Every once in a while, a long novel takes me on an emotional roller coaster, and I enjoy every minute. The Time in Between by María Dueñas is one of those novels. On only page 142, the main character can summarize her life thus: "I'd stopped being a humble dressmaker and transformed myself successively into a whole heap of different women. A civil service candidate, heiress of a major industrialist, globe-trotting lover to a scoundrel, hopeful aspirant to run an Argentine company, frustrated mother of an unborn child, a woman suspected of fraud and theft in debt up to her eyebrows, and a gunrunner camouflaged as an innocent local woman." As I progressed through the years and extraordinary events in the main character Sira's timeline, I would blithely update anyone who would listen about what kind of mess or adventure she'd stumbled into now.

Sira is an ordinary girl with whom the reader can sympathize strongly, but she comes of age in a turbulent time and place: Spain in the 1930's. From her humble perspective, her only talent is sewing. She is distracted from her calling by a man who unwittingly sets the stage for her to regain her financial security and self esteem by becoming the most fashionable seamstress in Tetouan in Spanish Morocco. There, she meets rich and posh clientele and becomes friends with the lover of the most important man in the Spanish Protectorate, Colonel Beigbeder. Through plausible vicissitudes, her friends rescue her mother from war-torn Madrid, only to send Sira back there in the guise of a Moroccan seamstress who encodes messages about her Nazi customers to British Secret Intelligence in her dress patterns. Surprise visits from her past launch her into her most dangerous mission yet, where she can prove her abilities as a spy. The mission reunites her with the Englishman she loves, but can't allow herself to trust with her secret life.

Sira's naivete throughout most of the first part is not only accurate for her historical context, but also allowed Dueñas to insert just the right balance of that historical context for the reader without ever being dry or overbearing. Overall, it's a balanced, factual approach while still showing the way the events may have impacted the lives of real people. The one place it goes wrong is around Chapter 35, when the narrative gets away from Sira to detail the anguish of Beigbeder when he returns to a not-so-friendly Madrid. This could have been handled differently or taken out all together without taking away from information necessary to understand the story.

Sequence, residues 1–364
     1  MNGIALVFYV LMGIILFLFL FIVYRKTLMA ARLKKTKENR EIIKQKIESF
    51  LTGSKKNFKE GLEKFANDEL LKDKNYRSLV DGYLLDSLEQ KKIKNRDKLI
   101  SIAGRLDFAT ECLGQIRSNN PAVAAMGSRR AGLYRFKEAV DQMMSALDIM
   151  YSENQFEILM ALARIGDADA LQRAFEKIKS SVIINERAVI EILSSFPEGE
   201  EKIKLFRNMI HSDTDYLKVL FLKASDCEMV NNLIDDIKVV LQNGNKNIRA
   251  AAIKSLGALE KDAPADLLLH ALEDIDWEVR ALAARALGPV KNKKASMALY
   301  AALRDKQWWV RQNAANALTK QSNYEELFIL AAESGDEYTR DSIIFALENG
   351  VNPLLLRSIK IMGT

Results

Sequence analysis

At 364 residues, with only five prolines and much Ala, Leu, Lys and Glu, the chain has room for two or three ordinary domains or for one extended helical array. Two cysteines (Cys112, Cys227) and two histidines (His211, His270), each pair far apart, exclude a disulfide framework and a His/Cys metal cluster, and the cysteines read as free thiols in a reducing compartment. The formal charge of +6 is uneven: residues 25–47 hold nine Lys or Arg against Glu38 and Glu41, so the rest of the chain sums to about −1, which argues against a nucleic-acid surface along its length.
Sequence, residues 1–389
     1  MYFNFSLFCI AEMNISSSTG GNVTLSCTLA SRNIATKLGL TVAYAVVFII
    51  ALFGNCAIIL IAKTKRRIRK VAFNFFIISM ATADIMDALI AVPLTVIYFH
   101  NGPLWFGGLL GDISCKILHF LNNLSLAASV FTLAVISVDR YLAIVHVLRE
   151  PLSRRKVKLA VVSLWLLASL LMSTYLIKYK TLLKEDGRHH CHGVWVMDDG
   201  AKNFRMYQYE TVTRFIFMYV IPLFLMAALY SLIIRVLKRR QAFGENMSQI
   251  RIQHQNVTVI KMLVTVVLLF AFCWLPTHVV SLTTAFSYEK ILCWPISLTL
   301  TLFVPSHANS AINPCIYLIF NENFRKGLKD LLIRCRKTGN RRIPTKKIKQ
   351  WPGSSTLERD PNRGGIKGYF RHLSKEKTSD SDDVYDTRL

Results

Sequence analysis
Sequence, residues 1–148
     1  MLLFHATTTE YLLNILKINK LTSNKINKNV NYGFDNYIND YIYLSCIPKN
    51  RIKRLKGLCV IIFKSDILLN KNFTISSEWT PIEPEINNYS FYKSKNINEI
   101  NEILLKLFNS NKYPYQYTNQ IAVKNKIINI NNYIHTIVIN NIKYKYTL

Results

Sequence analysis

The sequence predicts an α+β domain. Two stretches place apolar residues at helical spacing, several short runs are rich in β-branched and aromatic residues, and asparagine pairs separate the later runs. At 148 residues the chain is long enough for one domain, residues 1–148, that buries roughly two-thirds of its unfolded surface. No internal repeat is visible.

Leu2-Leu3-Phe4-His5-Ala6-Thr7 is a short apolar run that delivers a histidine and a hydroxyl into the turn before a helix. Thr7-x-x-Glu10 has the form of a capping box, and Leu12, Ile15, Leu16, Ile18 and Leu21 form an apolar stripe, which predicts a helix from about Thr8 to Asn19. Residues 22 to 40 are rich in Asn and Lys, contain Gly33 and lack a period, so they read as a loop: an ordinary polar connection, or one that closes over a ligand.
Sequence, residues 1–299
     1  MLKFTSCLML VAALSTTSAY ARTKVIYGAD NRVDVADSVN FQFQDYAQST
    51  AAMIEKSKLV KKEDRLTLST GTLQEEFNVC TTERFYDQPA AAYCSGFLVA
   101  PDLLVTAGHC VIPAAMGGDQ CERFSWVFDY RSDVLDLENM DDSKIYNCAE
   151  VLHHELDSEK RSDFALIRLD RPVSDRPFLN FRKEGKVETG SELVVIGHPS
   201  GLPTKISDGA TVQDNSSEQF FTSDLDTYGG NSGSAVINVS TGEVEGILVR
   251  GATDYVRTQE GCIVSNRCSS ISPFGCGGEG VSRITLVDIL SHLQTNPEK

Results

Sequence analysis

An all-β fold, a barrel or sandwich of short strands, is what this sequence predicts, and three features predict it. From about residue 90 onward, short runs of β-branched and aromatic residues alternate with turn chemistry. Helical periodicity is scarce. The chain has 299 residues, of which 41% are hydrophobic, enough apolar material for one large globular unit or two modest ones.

I would have liked to read this in the original Spanish, but the translation is well done. Only occasionally did it seem a little too literal, and with so much going on, that sin was easy to overlook. The character Rosalinda Fox's multilingual mishmash presents a special challenge to the translator and Daniel Hahn does a decent job scrambling languages while making her dialogue intelligible to the reader.

The original title, El tiempo entre costuras (literally, "The Time Between Stitches") is more relatable to the story. The reader in English doesn't find out what The Time in Between refers to until the very last line. While the end of the book is a relevant reflection of what has gone before, I can't help thinking there must be a more catchy title to go with this amazing journey.

This is the cover from the Advanced Reader's Copy I received, which I believe was created especially for the book. It beautifully captures Sira in one of those quiet but life-changing moments she has so often throughout the narrative, complete with her antique scissors and a view of Spanish Morocco in the 1930's out her window. (The rainbow on the fabric is an unintended effect from my camera flash.) The new, official cover is based on a painting done long before the book was published. Overall, the book is gorgeously designed, with Moroccan postcards on the endpapers and photos of emblematic monuments from the most important city in each part at the beginning of the section. It's a great investment in an object that is both history and literature embodied.

Sunday, November 6, 2011

Six Sentence Sunday: Post Halloween Chills

Thanks so much for all the encouragement last week for the final snippet from my work-in-progress, The Seven Noble Knights of Lara. I'm working on it very hard for NaNoWriMo, so the dream of finishing it some day is getting that much closer to reality.

Today, still imbued with Halloween spirit, I thought I'd remind everyone about the first paranormal story I ever published. You can read the whole thing here.

* * * 

We were at the gates of the cemetery. The moon was shining down on us, illuminating our fear and superstition. I peered past the tall monuments to important families, looking for the place where Edelmira had been laid to rest that morning. “It’s that way,” I said. “Let’s go.” But none of us moved.

* * *

Thanks for stopping by and don't miss the other great excerpts at Six Sentence Sunday!